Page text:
GOP insiders panic about November: 'We keep failing' on immigration


Trump may be digging a massive hole for Republicans running in districts Hillary Clinton won in 2016.

Trump might think his racist, vitriolic rhetoric condemning immigrants makes for good partisan politics for Republicans during an election year.

But for dozens of GOP politicians who are up for re-election in November, immigration might be the issue that seals their defeat.

Increasingly, Republican Party officials fear that the GOP's continued failure to pass immigration legislation, combined with Trump's inhumane family separations at the border, will add momentum to a blue wave of Democratic upsets.

"Centrist" Republicans heading home for the July 4 recess are "wondering how to spin another defeat" on immigration reform, the conservative Washington Examiner reports.

Republicans who were hopeful about voting through an immigration bill this summer were once again embarrassed as two different conservative immigration bills failed to pass. The Republican caucus couldn't come to a consensus on what to do, and the GOP was stymied by Trump's inconsistent messaging on which bills he would support.

Indeed, the Republican Party has chronically failed to deal with immigration for years, as its radical right wing has constantly thwarted all bipartisan legislative attempts to fix the issue.

And if the Examiner's reporting is any indication, the GOP is still learning the wrong lessons from its constant defeats.

"The voters demand security first, but every attempt in Congress dating back to the [President George W.] Bush proposals holds security hostage to reform,” one Republican insider told the Examiner. "We keep failing because we keep trying to jump the entire stairwell. It’s like we have amnesia every time and can't remember why the last one failed.”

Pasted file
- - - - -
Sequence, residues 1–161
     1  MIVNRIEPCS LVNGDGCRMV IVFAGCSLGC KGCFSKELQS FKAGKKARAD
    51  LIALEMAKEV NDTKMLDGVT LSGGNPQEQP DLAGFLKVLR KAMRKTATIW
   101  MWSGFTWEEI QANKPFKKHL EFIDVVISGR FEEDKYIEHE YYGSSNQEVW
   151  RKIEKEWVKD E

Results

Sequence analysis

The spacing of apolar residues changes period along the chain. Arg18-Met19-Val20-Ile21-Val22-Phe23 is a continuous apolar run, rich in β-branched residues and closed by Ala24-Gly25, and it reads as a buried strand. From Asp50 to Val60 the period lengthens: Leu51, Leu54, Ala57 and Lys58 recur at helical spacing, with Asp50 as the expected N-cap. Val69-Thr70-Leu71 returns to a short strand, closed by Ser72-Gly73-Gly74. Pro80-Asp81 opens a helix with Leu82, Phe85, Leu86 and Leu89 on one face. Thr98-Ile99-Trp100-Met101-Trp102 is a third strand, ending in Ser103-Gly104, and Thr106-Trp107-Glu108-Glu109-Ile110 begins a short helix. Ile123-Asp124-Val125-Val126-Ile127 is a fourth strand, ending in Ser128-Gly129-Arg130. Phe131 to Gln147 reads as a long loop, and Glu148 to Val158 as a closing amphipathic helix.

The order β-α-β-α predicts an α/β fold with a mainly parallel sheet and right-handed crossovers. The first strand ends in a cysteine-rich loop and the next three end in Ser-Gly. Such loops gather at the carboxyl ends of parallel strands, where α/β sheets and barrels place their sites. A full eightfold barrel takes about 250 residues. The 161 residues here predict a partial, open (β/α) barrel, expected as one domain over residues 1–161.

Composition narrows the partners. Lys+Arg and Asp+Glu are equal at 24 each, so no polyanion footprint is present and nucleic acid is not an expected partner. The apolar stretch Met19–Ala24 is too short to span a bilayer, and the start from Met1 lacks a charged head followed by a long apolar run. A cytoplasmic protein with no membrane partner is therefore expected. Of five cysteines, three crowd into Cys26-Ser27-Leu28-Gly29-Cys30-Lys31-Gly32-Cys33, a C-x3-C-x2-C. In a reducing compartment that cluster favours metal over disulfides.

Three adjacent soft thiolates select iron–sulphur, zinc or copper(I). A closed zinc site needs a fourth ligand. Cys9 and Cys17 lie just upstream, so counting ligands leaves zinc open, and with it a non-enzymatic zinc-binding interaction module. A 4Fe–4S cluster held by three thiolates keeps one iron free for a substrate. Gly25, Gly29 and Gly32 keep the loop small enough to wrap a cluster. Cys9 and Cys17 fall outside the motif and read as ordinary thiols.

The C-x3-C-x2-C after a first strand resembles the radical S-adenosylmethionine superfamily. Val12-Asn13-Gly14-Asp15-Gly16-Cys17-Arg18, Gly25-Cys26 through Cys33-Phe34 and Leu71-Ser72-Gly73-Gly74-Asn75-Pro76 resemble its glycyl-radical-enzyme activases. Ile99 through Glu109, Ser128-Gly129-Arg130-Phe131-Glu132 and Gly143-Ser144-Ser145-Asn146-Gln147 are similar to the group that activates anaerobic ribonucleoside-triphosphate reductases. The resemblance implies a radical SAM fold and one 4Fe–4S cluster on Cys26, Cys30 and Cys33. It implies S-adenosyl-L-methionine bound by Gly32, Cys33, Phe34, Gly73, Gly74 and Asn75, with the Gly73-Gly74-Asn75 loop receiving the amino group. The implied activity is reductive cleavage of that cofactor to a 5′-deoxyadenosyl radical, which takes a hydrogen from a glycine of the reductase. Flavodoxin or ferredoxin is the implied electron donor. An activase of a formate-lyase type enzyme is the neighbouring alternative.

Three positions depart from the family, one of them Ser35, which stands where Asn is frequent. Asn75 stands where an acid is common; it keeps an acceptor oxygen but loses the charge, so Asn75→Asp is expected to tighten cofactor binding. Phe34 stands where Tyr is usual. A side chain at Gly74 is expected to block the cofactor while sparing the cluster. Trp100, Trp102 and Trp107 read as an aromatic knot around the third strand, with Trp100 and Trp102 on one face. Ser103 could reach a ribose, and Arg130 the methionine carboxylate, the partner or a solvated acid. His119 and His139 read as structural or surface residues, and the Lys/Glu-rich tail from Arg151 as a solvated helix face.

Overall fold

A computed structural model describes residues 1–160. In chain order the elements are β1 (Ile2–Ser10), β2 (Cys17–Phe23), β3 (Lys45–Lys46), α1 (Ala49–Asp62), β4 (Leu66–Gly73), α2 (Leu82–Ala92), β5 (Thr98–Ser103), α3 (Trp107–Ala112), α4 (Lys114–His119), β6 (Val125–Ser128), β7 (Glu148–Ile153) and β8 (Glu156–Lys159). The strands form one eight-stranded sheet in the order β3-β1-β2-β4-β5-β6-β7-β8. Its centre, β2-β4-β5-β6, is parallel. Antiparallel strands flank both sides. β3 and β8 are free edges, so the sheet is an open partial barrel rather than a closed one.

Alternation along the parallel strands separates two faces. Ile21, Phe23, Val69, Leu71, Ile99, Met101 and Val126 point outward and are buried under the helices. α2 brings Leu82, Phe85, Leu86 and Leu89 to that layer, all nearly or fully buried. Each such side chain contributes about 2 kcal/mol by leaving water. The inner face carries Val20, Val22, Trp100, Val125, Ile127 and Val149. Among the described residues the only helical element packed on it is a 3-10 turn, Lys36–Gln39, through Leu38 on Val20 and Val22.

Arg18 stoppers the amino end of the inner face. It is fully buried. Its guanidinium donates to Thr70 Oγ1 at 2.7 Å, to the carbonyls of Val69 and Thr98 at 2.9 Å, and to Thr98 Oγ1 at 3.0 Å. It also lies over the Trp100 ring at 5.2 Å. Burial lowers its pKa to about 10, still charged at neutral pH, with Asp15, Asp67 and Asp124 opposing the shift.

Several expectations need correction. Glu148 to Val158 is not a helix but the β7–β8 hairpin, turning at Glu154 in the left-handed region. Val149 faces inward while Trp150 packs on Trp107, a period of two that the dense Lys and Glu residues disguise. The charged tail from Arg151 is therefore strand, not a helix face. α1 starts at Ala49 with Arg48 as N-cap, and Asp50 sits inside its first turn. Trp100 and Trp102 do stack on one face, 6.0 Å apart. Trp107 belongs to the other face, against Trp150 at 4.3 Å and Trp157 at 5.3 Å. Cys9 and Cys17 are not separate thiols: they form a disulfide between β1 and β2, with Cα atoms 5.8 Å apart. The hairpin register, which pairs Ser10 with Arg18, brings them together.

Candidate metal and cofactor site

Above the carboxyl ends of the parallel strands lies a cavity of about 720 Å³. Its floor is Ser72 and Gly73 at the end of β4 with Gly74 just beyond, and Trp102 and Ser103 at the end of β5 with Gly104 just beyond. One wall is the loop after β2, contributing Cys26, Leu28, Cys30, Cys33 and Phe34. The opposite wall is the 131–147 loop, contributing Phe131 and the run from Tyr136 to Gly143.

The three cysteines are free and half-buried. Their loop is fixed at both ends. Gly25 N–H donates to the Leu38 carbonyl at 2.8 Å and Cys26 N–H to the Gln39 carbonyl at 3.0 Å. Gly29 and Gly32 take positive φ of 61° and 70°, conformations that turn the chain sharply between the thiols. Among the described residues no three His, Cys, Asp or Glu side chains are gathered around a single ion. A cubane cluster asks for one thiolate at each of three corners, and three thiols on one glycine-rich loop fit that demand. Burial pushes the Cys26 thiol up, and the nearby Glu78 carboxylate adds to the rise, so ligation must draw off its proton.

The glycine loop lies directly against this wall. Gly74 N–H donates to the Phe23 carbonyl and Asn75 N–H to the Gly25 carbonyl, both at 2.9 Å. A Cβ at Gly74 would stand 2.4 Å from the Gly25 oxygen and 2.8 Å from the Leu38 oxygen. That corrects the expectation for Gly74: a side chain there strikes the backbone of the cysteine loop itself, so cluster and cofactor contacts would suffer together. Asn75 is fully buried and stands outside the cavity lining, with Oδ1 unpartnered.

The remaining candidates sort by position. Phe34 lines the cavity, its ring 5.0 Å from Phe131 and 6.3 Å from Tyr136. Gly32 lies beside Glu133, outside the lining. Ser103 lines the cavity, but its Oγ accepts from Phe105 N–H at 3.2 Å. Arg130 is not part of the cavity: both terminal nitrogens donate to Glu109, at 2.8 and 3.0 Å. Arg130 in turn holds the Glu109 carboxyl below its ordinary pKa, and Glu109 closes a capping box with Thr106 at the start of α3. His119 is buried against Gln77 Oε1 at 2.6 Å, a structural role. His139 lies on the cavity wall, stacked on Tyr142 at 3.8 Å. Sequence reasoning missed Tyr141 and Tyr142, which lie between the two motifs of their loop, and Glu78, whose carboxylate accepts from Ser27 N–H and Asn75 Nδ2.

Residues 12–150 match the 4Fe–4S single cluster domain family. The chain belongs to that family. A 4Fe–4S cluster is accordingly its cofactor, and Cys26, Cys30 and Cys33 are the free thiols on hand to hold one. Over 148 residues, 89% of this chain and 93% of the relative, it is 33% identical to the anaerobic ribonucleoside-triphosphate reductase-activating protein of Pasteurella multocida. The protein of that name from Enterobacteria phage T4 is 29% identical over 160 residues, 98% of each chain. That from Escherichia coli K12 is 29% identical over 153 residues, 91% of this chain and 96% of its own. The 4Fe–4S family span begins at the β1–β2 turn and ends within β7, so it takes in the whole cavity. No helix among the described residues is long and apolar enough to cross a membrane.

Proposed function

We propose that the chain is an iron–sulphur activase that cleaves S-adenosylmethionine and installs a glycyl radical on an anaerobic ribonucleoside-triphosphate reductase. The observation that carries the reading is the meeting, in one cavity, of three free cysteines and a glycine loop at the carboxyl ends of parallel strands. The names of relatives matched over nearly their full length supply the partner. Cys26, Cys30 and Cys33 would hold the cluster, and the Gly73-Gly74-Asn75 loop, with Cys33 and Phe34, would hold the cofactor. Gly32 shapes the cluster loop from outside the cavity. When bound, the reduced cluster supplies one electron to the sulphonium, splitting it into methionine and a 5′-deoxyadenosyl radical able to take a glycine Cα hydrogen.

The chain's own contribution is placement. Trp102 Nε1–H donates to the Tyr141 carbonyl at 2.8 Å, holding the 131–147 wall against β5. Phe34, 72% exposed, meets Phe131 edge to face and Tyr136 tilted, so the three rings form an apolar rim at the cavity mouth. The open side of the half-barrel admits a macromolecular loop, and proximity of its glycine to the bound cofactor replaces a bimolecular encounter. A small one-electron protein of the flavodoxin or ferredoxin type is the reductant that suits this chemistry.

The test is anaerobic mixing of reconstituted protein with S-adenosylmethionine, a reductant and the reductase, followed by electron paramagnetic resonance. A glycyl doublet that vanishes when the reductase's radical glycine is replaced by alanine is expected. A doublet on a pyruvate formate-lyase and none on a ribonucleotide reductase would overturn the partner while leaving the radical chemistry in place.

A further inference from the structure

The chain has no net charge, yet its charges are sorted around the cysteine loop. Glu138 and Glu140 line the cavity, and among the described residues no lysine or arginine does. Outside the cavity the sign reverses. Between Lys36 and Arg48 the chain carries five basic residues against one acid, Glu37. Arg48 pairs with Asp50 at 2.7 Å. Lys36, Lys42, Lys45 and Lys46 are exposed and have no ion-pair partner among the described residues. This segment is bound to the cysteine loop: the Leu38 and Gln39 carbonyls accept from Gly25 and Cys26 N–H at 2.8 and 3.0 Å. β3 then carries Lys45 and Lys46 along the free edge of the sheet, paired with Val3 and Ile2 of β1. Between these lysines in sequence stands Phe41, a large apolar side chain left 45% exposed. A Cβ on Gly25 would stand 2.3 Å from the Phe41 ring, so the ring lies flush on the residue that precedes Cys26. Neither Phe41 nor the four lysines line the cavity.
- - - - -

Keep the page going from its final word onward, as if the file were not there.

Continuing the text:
In fact, however, most voters of both parties want comprehensive immigration reform that addresses both border security and a path to citizenship for undocumented immigrants.

The creeping GOP panic today over immigration is especially acute among the many Republicans running for re-election in House districts that Hillary Clinton won in 2016. There, the horror story of Trump ripping families apart at the border is not playing well with swing voters, especially women.

The issue is “hitting home” with voters, one GOP operative recently confessed to CNN. “It’s not just affecting border districts but suburban women as well."

Trump's self-inflicted humanitarian crisis over family separations has prompted international condemnations, and sparked massive protests across the country over the weekend.

To date, the Trump administration still refuses to say what it has done to reunite the families it separated at the border.

And time is running out for Trump: a federal judge last week ordered that children under the age of five be returned to their parents by next Tuesday.

When it comes to immigration, Trump seems determined to make the worst possible decisions that will give Republicans the worst possible chances in November.